EXTRACT: Rapid Fire by John Maytham

In Rapid Fire, veteran broadcaster JOHN MAYTHAM has collected questions submitted by 567 CapeTalk listeners to test his remarkable general knowledge in the ever popular insert of the same name on his afternoon drive-time show. Here are a few of some the oddest, arcane and most surprising questions – and answers.

John Maytham

Are there animals that can live without water?

The North American kangaroo rat is most often cited in internet discussions of this topic. These rats do need water to survive, but they have evolved such that it is possible for them to go through their entire life cycle, between three and five years, without ever drinking water. They collect seeds during moist conditions, and live off the nutrition and moisture stored in those seeds.

Then there is an extraordinary water-wise amphibian, the Australian water-holding frog. It stores water in pockets of skin all over its body, but holds most of it in the bladder. It is able to store double its body weight in water, and can live for up to five years without needing to take a drink. Local Aboriginals, if they’re thirsty while out in the bush, will try to catch one of these frogs and squeeze the water directly from the frog’s bladder into their mouths.

Why are weddings rings traditionally worn on the fourth finger of the left hand in many Western cultures?

This is based on a traditional (but incorrect) belief that there is a vein that runs directly from that finger to the heart. It was called the vena amoris, the “vein of love”.

What is the link between the musical works of Handel and Bach, and the one-rand coin?

The words Soli Deo Gloria (To God alone the glory) appear on the one-rand coin. Those same words are also part of the dedication of many works by the likes of Bach and Handel.

Can a vegan eat a fig?

Hmmm, lots of nuance in the answer! It depends – on the fig and on the vegan. Some figs, like the Smyrna, are pollinated in such a way that the female wasp dies inside the fig. The body will be dissolved by acid activity, but strictly speaking,

there will be animal matter inside the fig. Some very strict vegans might see that as reason to avoid the fruit. Forgive me for being technical, but some fig species are parthenocarpic, which means they develop fruit-like structures that don’t require pollination. (Don’t worry, I don’t understand it either.) All vegans can eat these varieties with a clear conscience.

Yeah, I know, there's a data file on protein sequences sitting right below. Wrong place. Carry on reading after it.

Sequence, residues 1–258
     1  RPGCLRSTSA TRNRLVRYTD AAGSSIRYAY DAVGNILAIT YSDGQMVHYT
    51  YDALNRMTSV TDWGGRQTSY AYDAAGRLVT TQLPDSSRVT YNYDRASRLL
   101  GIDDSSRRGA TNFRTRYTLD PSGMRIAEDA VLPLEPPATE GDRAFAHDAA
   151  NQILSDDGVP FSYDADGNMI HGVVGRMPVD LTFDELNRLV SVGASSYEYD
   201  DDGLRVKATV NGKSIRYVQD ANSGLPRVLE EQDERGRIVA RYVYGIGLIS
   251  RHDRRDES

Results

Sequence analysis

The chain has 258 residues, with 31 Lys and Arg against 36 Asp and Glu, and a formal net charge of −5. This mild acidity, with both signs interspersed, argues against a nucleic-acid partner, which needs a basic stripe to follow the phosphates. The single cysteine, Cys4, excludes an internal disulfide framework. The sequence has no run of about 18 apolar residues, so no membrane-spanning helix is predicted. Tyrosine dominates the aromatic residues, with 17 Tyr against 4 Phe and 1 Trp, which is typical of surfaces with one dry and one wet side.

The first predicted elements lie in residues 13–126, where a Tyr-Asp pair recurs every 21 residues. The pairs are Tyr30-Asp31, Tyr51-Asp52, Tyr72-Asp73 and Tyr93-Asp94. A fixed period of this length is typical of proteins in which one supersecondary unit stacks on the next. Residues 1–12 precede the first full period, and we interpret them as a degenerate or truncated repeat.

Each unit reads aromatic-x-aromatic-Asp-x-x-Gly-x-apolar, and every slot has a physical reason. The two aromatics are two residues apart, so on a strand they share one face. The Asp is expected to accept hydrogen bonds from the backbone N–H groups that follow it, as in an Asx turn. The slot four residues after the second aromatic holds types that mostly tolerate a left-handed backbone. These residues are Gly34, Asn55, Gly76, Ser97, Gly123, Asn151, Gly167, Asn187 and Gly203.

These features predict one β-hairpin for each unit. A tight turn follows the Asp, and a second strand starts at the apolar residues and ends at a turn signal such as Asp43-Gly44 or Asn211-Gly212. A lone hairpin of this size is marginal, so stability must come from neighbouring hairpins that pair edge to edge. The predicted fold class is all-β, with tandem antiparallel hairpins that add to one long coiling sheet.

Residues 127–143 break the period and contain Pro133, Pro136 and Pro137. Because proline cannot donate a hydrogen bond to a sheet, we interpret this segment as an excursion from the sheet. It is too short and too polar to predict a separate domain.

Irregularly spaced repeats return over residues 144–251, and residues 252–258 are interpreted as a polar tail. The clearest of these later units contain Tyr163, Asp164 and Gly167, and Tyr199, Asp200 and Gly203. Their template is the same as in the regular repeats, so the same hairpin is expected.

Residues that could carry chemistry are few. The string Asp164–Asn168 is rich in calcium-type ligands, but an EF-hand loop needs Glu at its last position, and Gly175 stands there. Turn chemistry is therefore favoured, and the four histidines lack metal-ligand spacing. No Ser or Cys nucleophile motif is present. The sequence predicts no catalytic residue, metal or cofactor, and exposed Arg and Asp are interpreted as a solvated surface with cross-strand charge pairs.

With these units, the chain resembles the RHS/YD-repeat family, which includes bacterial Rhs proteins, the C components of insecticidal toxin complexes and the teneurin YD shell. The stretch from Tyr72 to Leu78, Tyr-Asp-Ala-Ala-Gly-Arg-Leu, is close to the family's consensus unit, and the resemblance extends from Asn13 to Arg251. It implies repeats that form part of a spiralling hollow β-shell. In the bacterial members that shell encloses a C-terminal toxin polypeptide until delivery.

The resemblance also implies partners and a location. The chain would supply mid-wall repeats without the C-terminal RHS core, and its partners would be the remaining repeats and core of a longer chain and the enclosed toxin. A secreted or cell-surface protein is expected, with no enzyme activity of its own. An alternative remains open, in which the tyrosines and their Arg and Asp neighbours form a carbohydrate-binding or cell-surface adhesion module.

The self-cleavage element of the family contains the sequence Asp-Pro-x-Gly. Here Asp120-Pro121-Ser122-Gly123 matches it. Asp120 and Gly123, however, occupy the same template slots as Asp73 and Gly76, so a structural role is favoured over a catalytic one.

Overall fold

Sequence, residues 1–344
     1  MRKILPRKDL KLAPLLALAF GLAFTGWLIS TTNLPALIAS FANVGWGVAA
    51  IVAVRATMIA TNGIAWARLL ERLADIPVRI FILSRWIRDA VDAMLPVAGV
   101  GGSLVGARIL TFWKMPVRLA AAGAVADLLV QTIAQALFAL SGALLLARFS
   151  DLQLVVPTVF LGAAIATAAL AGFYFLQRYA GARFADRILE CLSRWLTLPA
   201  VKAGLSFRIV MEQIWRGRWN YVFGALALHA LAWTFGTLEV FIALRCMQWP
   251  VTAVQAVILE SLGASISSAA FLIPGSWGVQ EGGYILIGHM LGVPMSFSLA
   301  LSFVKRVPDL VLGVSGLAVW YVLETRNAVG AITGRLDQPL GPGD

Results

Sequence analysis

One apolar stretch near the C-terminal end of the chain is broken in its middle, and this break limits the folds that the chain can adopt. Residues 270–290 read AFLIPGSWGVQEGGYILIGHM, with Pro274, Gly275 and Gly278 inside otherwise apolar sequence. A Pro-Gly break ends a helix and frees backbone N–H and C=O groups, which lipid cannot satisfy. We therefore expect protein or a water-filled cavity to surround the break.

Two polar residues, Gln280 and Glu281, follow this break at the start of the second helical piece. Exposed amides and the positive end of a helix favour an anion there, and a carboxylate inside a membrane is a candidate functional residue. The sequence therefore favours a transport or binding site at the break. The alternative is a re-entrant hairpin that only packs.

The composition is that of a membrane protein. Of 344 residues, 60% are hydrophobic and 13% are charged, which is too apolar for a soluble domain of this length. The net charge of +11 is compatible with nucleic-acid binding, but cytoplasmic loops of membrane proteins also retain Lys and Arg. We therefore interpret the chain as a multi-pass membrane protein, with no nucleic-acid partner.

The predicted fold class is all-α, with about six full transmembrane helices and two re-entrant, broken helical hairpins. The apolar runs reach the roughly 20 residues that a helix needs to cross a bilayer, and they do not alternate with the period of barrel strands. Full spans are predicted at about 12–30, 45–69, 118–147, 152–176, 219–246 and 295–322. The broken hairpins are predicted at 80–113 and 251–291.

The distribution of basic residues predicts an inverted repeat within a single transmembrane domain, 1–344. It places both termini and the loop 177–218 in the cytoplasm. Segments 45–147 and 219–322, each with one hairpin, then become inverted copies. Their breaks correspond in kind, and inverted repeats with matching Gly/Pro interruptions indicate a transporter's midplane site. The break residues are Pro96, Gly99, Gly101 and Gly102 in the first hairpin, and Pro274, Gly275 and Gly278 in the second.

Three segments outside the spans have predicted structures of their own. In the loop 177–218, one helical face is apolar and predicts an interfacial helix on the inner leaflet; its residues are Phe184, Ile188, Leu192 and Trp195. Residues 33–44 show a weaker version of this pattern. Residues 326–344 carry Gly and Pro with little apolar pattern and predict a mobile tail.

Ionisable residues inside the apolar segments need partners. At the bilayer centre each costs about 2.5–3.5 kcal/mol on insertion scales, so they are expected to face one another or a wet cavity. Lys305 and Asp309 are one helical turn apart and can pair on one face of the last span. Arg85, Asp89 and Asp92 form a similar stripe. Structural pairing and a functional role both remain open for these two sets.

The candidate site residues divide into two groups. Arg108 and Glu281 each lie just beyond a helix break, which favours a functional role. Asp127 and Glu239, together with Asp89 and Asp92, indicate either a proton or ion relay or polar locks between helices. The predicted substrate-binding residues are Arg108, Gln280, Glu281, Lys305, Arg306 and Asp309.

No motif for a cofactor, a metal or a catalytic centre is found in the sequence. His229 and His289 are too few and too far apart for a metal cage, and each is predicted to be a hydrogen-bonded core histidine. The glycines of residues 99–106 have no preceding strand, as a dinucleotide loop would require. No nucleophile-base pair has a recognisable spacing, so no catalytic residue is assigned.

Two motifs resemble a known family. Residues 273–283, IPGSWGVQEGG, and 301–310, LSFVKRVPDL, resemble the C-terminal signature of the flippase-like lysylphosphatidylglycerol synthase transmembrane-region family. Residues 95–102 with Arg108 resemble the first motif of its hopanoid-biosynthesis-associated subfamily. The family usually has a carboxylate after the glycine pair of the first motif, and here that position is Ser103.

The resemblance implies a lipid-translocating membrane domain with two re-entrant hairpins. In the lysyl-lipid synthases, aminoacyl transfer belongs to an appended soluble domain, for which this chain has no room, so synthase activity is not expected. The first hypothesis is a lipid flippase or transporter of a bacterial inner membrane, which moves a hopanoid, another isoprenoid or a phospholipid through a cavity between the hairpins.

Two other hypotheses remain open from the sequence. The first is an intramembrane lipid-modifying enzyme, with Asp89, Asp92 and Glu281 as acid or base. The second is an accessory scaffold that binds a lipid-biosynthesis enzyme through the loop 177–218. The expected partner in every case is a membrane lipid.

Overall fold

Bananas, on the other hand, are a different story. If they come from a field that has been sprayed with a pesticide like chitosan, then very strict vegans will look the other way because shrimp and crab shells are on chitosan’s list of ingredients. Did someone mention slippery slopes?

The first British astronomer at the Cape, Fearon Fallows, is buried in the grounds of the South African Astronomical Observatory in a suburb of Cape Town. His grave has one very unusual feature. What is it?

The grave is twelve feet deep. Fallows knew he was dying and, fearing that his burial site would be disturbed by grave robbers, he asked to be buried twelve feet down. As the observatory is on rocky ground, the digging must have been very hard work!

What was bought in the first-ever bitcoin purchase?

Don’t ask me to explain bitcoin – it’s dark matter as far as I’m concerned. All I can do is report the fact that on 22 May 2010, Laszlo Hanyecz made the first real-world bitcoin transaction by buying two pizzas in Jacksonville, Florida, for 10 000 BTC. And the fact that, had he made himself a sandwich instead and held onto those bitcoin (bitcoins?), then at the time of writing this book those 10 000 BTC were worth $11 million. (I hope those pizzas were really good.) [Ed’s note: today those pizzas are now worth more than $105 million.]

Advertisements for watches usually feature a watch face set at a particular time. What is that time and why has it been chosen?

The time is ten past ten, because this position of the watch hands is seen as the best possible framing of the manufacturer’s logo and also creates the happy impression of a smiling face.

Why did George Dawson rise to fame in the US?

He learnt to read at the age of 98. Still described as ‘America’s poster child for literacy’, Dawson had a rough life, being the grandchild of slaves and first put to work at the age of four. He died at the age of 103, but enjoyed national attention in the five years between learning to read and passing away. Two universities conferred honorary degrees on him; television programmes were made about him; he appeared on Oprah, where he said, “It’s never too late to learn, I’m still learning now”; he had a school named after him; and he co-authored a biographical work, Life Is So Good, when he was 102.

Rapid Fire is published by Tafelberg.

EXTRACT: There Should Have Been Five

An extract from the novel by MJ HONIKMAN.

“Panzers!”

He was yanked from his exhaustion just as it felt his eyes had closed.

In the silvery dawn light Sipho saw a Panzer tank silhouetted on the hill, pointing its long gun straight at them and within moments Panzers were streaming down the hills all around them, like hundreds of ants. Great billows of smoke swirled up from the town and the harbour. And there from the east, on the hill behind the tanks, came thousands of German soldiers.